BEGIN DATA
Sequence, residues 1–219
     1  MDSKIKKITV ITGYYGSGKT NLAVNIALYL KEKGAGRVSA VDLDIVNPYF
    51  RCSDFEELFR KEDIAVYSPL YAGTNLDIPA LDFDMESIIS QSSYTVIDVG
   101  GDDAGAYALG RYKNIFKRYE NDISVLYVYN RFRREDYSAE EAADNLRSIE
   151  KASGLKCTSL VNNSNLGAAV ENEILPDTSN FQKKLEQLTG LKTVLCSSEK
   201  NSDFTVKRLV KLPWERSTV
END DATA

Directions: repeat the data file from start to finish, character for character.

Sequence, residues 1–219
     1  MDSKIKKITV ITGYYGSGKT NLAVNIALYL KEKGAGRVSA VDLDIVNPYF
    51  RCSDFEELFR KEDIAVYSPL YAGTNLDIPA LDFDMESIIS QSSYTVIDVG
   101  GDDAGAYALG RYKNIFKRYE NDISVLYVYN RFRREDYSAE EAADNLRSIE
   151  KASGLKCTSL VNNSNLGAAV ENEILPDTSN FQKKLEQLTG LKTVLCSSEK
   201  NSDFTVKRLV KLPWERSTV